Hurting: Can Wright Be Right This Time?

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by Neil Godfrey

N.T. Wright

Larry Hurtado has roused blogospheric attention with his adverse evaluation of the N.T. Wright’s unconventional interpretation of what the early Church believed about the “second coming” of Jesus.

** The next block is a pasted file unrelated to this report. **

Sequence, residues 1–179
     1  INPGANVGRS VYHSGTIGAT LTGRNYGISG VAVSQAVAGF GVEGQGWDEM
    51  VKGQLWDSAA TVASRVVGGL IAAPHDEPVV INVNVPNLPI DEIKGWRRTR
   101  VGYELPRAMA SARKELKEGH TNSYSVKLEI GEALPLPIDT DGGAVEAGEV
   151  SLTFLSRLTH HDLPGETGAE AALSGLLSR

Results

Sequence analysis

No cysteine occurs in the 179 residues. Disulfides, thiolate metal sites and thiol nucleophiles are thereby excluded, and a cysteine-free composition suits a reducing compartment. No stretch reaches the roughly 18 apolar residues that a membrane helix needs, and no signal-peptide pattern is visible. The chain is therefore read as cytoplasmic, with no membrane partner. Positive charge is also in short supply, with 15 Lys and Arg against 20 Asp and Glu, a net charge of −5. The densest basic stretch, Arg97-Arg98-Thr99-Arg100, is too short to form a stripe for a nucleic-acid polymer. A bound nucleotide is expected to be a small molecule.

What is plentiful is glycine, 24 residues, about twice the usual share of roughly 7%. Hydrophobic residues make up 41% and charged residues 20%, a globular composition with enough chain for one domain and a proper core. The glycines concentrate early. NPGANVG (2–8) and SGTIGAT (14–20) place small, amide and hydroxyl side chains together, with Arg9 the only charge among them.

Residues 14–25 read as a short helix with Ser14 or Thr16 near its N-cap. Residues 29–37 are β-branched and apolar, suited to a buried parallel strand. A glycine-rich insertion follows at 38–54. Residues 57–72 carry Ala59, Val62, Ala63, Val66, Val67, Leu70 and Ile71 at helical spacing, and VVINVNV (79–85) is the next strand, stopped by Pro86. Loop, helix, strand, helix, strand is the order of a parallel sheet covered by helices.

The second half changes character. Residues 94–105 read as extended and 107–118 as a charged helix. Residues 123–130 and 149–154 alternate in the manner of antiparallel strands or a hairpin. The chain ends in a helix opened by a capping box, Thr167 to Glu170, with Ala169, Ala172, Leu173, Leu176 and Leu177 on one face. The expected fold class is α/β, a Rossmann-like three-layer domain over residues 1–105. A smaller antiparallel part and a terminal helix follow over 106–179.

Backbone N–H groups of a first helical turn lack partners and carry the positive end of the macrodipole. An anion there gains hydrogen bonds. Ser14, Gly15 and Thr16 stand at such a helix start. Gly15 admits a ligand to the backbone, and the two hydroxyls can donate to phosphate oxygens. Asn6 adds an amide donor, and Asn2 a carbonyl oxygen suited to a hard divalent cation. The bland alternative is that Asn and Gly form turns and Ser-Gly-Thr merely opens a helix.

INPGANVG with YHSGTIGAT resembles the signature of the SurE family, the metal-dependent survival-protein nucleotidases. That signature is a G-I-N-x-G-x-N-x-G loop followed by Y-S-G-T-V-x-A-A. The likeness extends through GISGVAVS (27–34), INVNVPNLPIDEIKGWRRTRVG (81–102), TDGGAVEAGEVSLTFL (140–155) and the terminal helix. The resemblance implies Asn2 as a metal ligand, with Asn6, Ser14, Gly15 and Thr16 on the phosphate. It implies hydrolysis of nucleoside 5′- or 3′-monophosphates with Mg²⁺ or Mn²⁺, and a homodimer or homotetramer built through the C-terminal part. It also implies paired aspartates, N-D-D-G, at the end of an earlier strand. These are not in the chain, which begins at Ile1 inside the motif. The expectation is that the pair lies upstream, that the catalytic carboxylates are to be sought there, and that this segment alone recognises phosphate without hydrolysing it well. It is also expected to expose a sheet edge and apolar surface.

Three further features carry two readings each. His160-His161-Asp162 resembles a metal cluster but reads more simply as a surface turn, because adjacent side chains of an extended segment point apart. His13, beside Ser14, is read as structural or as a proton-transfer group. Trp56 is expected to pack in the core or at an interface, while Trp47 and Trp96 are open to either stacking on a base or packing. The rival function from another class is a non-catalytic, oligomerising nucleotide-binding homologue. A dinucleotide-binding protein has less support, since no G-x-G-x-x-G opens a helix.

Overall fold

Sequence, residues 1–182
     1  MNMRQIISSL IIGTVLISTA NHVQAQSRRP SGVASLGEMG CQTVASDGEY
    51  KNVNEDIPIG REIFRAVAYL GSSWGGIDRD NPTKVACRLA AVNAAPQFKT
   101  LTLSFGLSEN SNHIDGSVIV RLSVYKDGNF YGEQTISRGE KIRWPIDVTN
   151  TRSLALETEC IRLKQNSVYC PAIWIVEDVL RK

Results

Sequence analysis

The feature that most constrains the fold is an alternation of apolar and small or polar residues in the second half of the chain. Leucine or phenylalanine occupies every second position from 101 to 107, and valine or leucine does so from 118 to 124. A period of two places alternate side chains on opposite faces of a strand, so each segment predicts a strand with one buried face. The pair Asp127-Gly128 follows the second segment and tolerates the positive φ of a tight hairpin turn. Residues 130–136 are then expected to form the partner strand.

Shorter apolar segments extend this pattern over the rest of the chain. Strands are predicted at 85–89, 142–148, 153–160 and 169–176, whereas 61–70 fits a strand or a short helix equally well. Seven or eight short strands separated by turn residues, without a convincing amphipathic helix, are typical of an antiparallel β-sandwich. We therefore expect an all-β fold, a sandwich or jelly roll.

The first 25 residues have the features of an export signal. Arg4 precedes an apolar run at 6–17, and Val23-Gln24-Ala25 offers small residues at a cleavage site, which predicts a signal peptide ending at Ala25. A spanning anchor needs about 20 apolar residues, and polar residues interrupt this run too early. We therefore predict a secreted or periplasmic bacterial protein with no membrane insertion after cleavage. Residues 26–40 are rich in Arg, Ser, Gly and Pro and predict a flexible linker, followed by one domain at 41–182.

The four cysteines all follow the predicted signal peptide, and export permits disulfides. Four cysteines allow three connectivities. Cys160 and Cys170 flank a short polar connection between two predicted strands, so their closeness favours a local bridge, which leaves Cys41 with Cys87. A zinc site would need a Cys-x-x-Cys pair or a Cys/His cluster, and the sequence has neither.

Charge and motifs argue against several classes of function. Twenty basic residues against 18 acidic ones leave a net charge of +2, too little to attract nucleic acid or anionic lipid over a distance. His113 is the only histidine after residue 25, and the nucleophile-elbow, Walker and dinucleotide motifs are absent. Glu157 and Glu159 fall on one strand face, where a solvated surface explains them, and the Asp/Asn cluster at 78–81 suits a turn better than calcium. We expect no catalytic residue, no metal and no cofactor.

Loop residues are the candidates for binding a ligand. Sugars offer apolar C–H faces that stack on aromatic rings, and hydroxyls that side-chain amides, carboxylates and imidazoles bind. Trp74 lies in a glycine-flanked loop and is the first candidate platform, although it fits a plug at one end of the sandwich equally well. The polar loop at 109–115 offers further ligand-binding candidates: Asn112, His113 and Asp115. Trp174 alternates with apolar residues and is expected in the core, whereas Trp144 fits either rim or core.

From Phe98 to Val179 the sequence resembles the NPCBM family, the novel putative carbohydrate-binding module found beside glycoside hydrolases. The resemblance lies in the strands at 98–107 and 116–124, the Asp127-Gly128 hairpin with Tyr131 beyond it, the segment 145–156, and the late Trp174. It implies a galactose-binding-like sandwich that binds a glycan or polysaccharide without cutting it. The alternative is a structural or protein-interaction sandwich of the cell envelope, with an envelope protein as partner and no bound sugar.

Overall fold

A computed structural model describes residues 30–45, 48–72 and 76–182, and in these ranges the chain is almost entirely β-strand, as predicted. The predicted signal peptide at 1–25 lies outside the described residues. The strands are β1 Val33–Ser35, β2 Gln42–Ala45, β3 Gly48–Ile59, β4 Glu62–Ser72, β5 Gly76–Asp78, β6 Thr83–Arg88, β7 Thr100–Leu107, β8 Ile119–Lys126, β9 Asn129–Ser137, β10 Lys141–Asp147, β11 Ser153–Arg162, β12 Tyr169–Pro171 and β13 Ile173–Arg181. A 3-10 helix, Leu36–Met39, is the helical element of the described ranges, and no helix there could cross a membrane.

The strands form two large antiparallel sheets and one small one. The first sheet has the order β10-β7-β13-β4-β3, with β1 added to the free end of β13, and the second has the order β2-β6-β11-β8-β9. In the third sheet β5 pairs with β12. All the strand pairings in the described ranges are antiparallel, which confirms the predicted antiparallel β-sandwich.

The Bishop of Durham has broached the idea before but Hurtado’s criticism his directed towards the relatively recent (2013)  Paul and the Faithfulness of God. Wright contends that Paul’s teaching that God’s Spirit dwelt in the Church as his Temple could only mean one thing among Jews of Second Temple days: God had returned to dwell on earth with his people. God’s Temple was once again filled with the Glory of God. God, YHWH, had returned to his people in Jesus who was vindicated after the resurrection and that same YHWH now shed his glory on earth in the lives of the saints. Christ is the first to be resurrected and the rest of his brethren will be raised at his final appearance from heaven (the parousia). The (extended) day of that resurrection is now, but God’s promise to return to his people and dwell among them was fulfilled when he came in Jesus and continues now that he lives in his earthly temple, the church. This final event is merely seen as the completion of the renewal that has begun with Christ’s resurrection. Thus there is no “second” coming: God has fulfilled his promise to come to live with his people now.